Letters, Dec. 12

Dec. 11, 2012 @ 05:37 PM

Hillandale Road is clear

Finally, all the orange cones are gone! What a wonderful Christmas present to all the people who travel Hillandale Road and Carver Street. It is really nice. It was a long time in the making, but I feel like is it going to be a big improvement to our area.

Helen "Chick" Hinton
Durham

 

Nonprofits must speak out

I’m proud to serve on the board of directors of the N.C. Center for Nonprofits (www.ncnonprofits.org).

The federal “fiscal cliff” poses a serious threat to our state’s nonprofit sector and the communities and people who depend on them. Contact your congressional representatives and ask them to work to prevent the fiscal cliff and the arbitrary spending cuts that will result if no agreement is reached. Urge them not to add to the strain on nonprofits’ work by imposing new caps on itemized deductions.

If Congress doesn’t act before Dec. 31, more than $54 billion will arbitrarily be cut from federal programs. Demand for nonprofits’ services would continue to rise while federal funding would decrease – and this on top of declines in funding from individuals, foundations, corporations, and state and local governments.

The proposed cap on itemized deductions would essentially eliminate tax incentives for individuals to give to charitable nonprofits. Most people will deduct first the state and local taxes they’ve paid, and then their mortgage interest. With a cap on itemized deductions, it’s unlikely they’ll have any room left to deduct charitable contributions.

The charitable tax deduction is a unique aspect of Americans’ ability to support the causes they care about. Gutting it would pull the rug out from under those very organizations and causes that keep our communities glued together.

Please join me in asking our elected leaders not to throw our communities off the fiscal cliff.

Ben Money
Morrisville

 

Spending rationalization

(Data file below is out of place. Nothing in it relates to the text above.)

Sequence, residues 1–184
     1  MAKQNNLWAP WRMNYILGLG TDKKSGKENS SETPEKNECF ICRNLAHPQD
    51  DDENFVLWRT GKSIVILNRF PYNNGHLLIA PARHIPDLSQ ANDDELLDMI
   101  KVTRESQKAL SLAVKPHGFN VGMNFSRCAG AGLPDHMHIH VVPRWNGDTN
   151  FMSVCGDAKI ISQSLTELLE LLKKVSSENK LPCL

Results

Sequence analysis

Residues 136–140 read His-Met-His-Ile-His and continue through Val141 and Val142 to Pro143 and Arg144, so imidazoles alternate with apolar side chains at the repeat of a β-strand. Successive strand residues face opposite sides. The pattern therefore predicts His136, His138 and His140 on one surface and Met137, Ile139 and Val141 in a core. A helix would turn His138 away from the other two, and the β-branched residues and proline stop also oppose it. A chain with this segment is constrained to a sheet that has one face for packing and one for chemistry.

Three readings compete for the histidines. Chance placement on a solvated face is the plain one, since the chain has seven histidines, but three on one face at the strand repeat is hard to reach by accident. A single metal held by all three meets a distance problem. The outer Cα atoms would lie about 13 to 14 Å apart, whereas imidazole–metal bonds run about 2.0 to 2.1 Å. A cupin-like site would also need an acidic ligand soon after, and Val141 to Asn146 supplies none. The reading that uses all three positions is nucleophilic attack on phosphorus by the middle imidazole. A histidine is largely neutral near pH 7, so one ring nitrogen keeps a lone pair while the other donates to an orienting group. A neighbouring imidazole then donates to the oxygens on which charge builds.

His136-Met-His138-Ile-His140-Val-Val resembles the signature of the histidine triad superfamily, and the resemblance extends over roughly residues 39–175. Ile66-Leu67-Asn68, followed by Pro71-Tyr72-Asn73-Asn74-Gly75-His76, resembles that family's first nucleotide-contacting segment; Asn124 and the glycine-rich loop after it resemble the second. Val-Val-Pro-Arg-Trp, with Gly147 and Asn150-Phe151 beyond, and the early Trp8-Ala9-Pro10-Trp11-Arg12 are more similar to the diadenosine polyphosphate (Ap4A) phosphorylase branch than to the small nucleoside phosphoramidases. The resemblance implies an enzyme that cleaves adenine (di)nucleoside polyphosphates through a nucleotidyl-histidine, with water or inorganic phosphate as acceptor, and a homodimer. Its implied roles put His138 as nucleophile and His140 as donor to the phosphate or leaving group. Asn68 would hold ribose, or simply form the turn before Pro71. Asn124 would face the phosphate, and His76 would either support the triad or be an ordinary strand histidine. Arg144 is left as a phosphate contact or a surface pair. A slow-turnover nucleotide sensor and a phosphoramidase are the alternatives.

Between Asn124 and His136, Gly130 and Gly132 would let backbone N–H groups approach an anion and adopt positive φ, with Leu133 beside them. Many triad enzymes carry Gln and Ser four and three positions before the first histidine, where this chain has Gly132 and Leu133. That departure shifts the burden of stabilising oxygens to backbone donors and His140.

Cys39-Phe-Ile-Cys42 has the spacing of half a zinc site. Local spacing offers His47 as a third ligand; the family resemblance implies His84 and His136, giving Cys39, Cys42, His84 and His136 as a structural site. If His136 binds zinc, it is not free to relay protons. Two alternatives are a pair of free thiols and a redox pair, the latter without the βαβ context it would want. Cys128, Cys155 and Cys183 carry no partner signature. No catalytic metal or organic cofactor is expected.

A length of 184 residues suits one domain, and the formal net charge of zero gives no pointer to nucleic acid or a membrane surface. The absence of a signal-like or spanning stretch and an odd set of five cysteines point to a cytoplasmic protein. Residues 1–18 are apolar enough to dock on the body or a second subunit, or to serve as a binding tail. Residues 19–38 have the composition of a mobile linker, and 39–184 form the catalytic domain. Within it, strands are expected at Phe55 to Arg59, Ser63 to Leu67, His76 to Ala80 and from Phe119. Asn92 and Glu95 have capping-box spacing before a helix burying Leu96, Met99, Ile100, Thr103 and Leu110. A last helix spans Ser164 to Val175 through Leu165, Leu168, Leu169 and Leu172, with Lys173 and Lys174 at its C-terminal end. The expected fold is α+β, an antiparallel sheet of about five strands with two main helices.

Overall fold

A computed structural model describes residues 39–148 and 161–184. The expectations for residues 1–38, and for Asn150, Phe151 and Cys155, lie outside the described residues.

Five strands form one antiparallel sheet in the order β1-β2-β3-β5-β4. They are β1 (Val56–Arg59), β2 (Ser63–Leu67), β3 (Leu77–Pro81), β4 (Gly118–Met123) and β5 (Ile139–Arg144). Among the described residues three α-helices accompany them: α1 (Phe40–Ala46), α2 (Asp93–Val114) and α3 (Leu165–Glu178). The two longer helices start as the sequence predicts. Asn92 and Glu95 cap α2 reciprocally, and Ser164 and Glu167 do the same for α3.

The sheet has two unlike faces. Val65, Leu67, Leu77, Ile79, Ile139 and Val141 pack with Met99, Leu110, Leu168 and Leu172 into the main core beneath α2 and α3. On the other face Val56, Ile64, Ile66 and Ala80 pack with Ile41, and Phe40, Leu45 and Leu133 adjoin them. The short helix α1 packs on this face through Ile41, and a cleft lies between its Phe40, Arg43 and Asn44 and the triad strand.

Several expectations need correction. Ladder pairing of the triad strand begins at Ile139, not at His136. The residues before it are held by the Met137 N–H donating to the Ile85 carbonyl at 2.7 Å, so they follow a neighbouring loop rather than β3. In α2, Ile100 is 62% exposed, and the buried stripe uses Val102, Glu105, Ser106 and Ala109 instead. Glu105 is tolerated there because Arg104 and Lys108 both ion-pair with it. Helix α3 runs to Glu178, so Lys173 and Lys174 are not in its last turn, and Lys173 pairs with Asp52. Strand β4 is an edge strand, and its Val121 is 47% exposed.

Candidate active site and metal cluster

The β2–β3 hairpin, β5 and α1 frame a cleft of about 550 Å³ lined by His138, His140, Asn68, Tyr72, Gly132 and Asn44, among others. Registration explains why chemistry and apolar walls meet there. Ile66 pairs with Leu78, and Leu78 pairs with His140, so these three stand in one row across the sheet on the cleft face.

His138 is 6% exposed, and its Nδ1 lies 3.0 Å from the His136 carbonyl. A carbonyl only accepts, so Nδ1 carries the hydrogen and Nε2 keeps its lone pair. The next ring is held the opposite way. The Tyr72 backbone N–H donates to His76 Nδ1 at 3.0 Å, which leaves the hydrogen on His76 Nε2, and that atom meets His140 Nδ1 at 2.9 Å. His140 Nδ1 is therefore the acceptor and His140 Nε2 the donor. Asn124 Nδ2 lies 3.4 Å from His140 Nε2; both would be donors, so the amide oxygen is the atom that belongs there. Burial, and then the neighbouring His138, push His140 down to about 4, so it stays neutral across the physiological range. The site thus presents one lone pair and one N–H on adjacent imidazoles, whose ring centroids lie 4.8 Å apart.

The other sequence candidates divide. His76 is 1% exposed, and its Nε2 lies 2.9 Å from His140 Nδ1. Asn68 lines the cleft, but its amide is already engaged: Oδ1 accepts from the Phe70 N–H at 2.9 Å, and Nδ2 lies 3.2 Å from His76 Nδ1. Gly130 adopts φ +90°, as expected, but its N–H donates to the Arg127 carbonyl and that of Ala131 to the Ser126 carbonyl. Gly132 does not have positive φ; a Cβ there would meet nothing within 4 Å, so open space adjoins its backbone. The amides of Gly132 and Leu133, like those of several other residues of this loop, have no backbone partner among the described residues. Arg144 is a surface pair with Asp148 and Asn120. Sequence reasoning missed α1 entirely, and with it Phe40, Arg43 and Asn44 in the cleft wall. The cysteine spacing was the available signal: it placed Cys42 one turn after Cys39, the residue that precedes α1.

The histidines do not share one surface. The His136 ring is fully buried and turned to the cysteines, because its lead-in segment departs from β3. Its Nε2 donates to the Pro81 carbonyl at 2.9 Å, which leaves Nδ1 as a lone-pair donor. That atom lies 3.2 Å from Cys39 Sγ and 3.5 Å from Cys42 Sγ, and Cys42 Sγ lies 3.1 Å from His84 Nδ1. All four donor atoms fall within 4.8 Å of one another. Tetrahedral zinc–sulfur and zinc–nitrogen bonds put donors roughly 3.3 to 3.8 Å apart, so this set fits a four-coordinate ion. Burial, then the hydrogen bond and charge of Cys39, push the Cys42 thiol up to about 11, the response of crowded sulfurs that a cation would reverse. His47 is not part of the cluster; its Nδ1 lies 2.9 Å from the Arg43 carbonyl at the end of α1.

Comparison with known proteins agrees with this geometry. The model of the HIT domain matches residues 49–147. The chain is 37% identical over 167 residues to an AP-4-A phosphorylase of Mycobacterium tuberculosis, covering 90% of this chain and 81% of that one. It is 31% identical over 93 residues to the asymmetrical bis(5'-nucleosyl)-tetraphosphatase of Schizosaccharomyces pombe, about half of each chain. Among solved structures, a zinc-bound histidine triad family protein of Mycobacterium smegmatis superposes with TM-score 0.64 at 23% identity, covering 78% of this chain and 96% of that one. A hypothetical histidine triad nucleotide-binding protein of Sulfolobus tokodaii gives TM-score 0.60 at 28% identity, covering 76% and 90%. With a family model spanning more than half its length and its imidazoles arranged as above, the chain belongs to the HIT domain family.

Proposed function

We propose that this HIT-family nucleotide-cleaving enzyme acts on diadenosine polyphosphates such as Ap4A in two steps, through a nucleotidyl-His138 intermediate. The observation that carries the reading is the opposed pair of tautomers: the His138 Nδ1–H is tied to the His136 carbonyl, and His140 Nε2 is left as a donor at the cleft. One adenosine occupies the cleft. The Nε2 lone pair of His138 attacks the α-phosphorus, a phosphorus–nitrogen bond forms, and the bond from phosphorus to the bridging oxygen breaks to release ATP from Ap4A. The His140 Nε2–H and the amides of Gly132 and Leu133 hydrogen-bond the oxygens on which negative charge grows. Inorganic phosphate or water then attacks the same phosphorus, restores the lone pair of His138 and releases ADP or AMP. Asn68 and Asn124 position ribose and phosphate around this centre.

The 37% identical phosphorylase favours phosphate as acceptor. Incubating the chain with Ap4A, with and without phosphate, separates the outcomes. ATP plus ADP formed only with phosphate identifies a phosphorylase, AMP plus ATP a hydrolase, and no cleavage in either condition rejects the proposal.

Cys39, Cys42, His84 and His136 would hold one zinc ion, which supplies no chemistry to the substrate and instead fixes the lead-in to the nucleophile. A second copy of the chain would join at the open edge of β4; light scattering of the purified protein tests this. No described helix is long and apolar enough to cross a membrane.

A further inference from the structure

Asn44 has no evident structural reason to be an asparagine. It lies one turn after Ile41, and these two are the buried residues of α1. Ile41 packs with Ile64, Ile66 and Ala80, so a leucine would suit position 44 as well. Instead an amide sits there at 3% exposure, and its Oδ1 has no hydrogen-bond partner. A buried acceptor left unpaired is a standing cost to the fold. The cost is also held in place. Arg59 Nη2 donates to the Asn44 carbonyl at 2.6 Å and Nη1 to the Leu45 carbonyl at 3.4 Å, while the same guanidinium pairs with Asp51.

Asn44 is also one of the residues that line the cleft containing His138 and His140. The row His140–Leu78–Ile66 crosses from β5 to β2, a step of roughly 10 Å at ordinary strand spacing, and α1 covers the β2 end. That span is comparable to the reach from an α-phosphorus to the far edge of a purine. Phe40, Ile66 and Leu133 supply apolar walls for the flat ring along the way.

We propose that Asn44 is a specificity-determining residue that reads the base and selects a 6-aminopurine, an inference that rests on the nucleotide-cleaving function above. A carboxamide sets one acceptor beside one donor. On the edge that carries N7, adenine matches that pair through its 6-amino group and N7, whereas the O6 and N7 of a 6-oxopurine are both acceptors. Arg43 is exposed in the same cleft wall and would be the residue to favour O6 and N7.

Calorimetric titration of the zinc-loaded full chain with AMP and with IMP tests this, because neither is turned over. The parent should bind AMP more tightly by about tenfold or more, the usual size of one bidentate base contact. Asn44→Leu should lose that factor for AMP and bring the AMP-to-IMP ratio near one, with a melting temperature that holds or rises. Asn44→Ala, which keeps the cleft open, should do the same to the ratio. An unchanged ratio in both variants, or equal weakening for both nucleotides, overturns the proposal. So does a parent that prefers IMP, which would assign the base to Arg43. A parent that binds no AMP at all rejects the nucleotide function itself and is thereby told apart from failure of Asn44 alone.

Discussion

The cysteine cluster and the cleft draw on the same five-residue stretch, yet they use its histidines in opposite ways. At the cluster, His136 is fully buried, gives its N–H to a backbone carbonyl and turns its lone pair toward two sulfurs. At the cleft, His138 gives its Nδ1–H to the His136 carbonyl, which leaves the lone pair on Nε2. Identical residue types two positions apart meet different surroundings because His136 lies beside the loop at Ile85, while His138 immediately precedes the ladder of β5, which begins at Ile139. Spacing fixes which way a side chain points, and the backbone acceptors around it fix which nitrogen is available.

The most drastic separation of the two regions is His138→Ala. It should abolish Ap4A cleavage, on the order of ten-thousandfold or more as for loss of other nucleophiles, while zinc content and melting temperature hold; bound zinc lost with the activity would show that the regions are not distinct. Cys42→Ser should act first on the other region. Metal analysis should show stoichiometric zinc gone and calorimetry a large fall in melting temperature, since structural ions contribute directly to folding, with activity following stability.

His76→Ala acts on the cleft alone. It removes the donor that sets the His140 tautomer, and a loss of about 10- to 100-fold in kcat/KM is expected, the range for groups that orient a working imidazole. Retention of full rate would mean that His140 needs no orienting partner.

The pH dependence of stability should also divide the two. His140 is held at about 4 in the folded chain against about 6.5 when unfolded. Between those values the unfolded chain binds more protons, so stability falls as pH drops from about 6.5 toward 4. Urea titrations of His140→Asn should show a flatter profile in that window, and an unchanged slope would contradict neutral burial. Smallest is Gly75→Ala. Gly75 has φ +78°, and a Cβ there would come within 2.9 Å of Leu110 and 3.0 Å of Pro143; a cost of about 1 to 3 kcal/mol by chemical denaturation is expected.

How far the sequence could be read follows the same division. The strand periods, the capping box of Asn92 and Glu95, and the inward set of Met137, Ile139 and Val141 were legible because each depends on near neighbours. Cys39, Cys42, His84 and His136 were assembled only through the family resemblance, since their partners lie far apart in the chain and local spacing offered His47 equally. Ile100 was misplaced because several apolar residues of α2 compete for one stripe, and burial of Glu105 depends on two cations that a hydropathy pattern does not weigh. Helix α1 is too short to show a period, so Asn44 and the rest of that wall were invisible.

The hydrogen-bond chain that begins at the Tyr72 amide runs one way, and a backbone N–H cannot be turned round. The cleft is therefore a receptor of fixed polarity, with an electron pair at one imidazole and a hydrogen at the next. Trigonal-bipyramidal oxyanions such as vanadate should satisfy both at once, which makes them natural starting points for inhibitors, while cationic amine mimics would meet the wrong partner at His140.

Bob Ashley's column in Sunday's Herald-Sun is a fabulous rationalization of the dysfunctional role into which the federal government has evolved. He cites the support of a Republican senator for a riverfront park in Kentucky as justification for the federal government to be involved in local projects, even as our federal debt has reached an all-time high.

The progressive movement, which had noble goals and dedicated supporters, did result in a "kinder, gentler" society. Many laws were passed which curbed the excesses of unbridled social Darwinism. However, as the decades have passed, the politicians in Washington have abandoned all pretense of acting within the framework established by our Founding Fathers. We no longer have a limited federal system of government where the states and local authorities govern life among the populace, with Washington playing a much smaller role. The federal bureaucracy, Congress, and the Supreme Court no longer hesitate to support the redistribution of wealth in the form of pork projects nationwide.

Why should the struggling people of Robison, Tyrell, or Halifax counties in North Carolina be required to pay enough taxes so that the residents of Owensboro, Ky., can stroll along a beautiful park with their lattes? What rational basis or even constitutional basis is there for such a policy? If a local community or even a state determines it wants a new "whatever," it should pay for it. There is no justification for them to confiscate the earnings of the citizens of other states -- even if a so-called conservative senator supports it.

Marv McWherter
Mebane

 

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